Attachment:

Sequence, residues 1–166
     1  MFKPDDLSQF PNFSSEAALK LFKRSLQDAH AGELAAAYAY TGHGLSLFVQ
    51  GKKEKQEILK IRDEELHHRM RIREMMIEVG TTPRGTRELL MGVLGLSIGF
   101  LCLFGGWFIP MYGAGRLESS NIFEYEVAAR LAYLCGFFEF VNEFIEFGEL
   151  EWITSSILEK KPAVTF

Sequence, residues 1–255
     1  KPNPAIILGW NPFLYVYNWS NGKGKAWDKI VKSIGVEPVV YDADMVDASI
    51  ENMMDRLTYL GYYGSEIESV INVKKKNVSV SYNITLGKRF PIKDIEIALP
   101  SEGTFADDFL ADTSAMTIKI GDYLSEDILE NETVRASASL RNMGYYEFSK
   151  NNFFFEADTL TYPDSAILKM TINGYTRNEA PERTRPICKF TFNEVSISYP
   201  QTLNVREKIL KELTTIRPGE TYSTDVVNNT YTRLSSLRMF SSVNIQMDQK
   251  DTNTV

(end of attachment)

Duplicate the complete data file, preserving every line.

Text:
Sequence, residues 1–166
     1  MFKPDDLSQF PNFSSEAALK LFKRSLQDAH AGELAAAYAY TGHGLSLFVQ
    51  GKKEKQEILK IRDEELHHRM RIREMMIEVG TTPRGTRELL MGVLGLSIGF
   101  LCLFGGWFIP MYGAGRLESS NIFEYEVAAR LAYLCGFFEF VNEFIEFGEL
   151  EWITSSILEK KPAVTF

Sequence, residues 1–255
     1  KPNPAIILGW NPFLYVYNWS NGKGKAWDKI VKSIGVEPVV YDADMVDASI
    51  ENMMDRLTYL GYYGSEIESV INVKKKNVSV SYNITLGKRF PIKDIEIALP
   101  SEGTFADDFL ADTSAMTIKI GDYLSEDILE NETVRASASL RNMGYYEFSK
   151  NNFFFEADTL TYPDSAILKM TINGYTRNEA PERTRPICKF TFNEVSISYP
   201  QTLNVREKIL KELTTIRPGE TYSTDVVNNT YTRLSSLRMF SSVNIQMDQK
   251  DTNTV